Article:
Up until now we have heard particularly from the official opposition that the government is not acting hastily enough, that somehow we should be doing what the Pakistanis and the Afghanis are doing and mustering our troops on the border of perhaps the United States, packed and ready to go. This sense that the government is not taking action is purely partisan politics. What is sad about it is that we are losing the benefit of celebrating what Canadians have done by focusing on debates such as the one today and on comments made by people in this place and in the media. Members should think back to what happened. We closed our skies and our airports virtually immediately.
On the day it happened, after I witnessed the tragedy on CNN and was as dumbfounded as everyone about what I saw, I had a meeting at the Credit Valley Hospital at 11 o'clock that morning and I thought that I might as well go because I had to do something.
I was absolutely astounded to see that the hospital was in full emergency planning mode. So was Etobicoke General Hospital. The reason is that there was a rumour, white hot, at 11 a.m. on September 11 that at least one of the planes being diverted to Pearson international was a hijacked aircraft that could turn into a bomb or a missile. What did they do? These people reacted instinctively, calmly and professionally to ensure that all of their staff were aware of the problem and were capable and ready to take action in case of an emergency, in case injured people showed up at the emergency department of Credit Valley Hospital or Etobicoke General. That is a responsible way to act. That was not led by a government. It was under the leadership of Wayne Fysse and his entire team at Credit Valley Hospital.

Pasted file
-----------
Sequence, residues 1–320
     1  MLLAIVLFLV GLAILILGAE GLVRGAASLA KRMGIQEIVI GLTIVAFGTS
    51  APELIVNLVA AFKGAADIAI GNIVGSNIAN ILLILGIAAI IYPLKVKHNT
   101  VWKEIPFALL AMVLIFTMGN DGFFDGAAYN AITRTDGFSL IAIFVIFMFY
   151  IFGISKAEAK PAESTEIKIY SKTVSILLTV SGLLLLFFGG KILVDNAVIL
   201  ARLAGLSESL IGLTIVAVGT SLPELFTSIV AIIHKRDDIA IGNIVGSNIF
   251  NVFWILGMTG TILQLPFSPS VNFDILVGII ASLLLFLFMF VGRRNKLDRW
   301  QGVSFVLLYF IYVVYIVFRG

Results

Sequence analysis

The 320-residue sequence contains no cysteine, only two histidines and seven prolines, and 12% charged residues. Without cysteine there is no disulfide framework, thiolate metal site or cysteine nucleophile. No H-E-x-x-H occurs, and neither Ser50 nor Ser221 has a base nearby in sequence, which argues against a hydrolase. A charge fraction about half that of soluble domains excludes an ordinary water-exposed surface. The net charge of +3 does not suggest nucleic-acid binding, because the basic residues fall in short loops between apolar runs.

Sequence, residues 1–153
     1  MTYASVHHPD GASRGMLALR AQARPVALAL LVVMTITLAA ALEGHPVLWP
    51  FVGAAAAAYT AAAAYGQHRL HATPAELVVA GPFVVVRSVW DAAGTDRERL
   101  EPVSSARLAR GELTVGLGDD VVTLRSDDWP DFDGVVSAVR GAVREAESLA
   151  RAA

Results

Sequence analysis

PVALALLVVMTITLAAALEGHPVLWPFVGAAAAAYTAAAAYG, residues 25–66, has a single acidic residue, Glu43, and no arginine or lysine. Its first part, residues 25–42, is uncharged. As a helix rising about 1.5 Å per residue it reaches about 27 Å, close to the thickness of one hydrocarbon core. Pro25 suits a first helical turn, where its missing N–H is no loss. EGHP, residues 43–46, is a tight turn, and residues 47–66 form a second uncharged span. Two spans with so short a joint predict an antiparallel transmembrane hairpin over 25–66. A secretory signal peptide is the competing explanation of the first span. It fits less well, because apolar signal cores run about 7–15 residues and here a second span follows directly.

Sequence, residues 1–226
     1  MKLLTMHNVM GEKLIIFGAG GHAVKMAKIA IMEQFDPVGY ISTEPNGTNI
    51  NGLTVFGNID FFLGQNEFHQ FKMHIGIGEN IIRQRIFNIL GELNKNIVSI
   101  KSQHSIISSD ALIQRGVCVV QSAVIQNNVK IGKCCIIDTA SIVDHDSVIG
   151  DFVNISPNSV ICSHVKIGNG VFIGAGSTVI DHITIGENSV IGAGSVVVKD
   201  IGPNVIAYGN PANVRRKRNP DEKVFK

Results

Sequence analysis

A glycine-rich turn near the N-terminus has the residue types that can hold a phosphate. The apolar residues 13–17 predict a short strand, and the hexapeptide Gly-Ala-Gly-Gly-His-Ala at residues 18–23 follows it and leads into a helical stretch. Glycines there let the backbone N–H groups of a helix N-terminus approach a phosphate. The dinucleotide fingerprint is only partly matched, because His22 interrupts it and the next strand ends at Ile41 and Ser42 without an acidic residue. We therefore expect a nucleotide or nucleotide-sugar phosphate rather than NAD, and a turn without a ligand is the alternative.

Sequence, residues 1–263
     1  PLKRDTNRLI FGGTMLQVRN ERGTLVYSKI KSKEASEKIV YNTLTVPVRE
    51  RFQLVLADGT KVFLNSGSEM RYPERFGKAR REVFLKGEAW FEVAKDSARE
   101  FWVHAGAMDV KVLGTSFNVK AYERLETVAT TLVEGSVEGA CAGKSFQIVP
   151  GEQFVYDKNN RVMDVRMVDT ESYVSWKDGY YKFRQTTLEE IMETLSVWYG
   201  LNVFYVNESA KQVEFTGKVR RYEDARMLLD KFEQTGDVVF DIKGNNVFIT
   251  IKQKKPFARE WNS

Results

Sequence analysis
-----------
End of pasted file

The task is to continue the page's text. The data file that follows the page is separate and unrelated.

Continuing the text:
We should be celebrating that instead of all the sniping and political posturing that is going on in what I can only say is an unfortunate attempt to hold somebody on this side of the House, aka the Prime Minister, responsible for all of this.
A member opposite accused someone over here of blaming the United States. I have heard members on all sides and I have heard and read media reports that actually blame Canada, actually blame our immigration policies. Our immigration system is not perfect. In fact there are members of the House who sit, or did sit on the immigration committee when we brought in Bill C-11. I recall the complaints from the official opposition critic that the bill was too tough, that we were violating civil libertarian rights and that we were taking away the rights of people to appeal a deportation order just because they were found to be criminals. I heard members from all parties. I expect the former opposition critic for immigration had moved on to another committee, but I am sure these were orders coming out of central party command on what they should be doing in relation to the immigration bill.